Last week, the bishops unfurled their tattered “seamless garment” — the policy, popularized in the 1980s by Cardinal Joseph Bernardin, which equates support for illegal immigration and other trendy liberal causes with opposition to abortion — as they inveighed against Republican governors for transporting illegal immigrants, with their voluntary consent, to sanctuary cities.
“Several U.S. Catholic bishops slammed the actions of Republican politicians who have recently begun to send out of their states groups of women, children and men seeking refuge,” reported the Catholic News Service. “They said these politicians are falsely telling the migrants that work, food and other benefits await them if they get on planes to other locales, but instead the only thing they find on the other end of the trip is confusion. ‘To use migrants and refugees as pawns offends God, destroys society and shows how low individuals can (stoop) for personal gains,’ wrote San Antonio Archbishop Gustavo García-Siller on Twitter Sept. 18.”
As usual, these pontificating activist bishops don’t even have their facts right. The “migrants and refugees” were not captives but volunteers, most of whom were thrilled to find themselves in a posh place like Martha’s Vineyard and on the East Coast near relatives. Comparing pampered illegal immigrants to slaughtered unborn children, Bishop Thomas Tobin of Providence, Rhode Island, pompously tweeted out: “The baby in the womb, the refugee in Cape Cod – neither should be exploited for political points. Both are children of God. Both should be respected, welcomed and cared for. Can’t we as a society agree on that?”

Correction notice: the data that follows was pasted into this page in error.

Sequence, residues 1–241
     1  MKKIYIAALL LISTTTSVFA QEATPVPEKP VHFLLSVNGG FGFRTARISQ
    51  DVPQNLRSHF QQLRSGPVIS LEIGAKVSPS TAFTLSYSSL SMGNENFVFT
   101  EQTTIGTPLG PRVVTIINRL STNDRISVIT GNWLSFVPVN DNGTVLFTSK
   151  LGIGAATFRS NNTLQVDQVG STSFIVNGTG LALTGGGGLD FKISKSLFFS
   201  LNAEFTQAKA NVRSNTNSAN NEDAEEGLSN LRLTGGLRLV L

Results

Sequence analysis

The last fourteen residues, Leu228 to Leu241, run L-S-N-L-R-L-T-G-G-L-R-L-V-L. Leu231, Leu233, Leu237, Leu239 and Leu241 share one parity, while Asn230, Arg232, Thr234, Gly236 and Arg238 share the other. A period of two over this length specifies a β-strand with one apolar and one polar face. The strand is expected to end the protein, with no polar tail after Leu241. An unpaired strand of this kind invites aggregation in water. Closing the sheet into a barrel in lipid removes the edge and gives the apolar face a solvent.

How can anybody take the bishops seriously as long as they trade on such cheap moral equivalence? At the very least, they could acknowledge that Catholics who don’t share their enthusiasm for amnesty hold a defensible view. Instead, they defame Catholic Republican governors as opponents of “immigrants.” Few bishops are willing to bear true witness against President Joe Biden and his anti-Catholic policies, but a large number of bishops are happy to bear false witness against Republicans on immigration, treating their opposition to illegal immigration, a position long consonant with the Church’s teaching on the legitimate duties of the state, as a sin against Christian charity.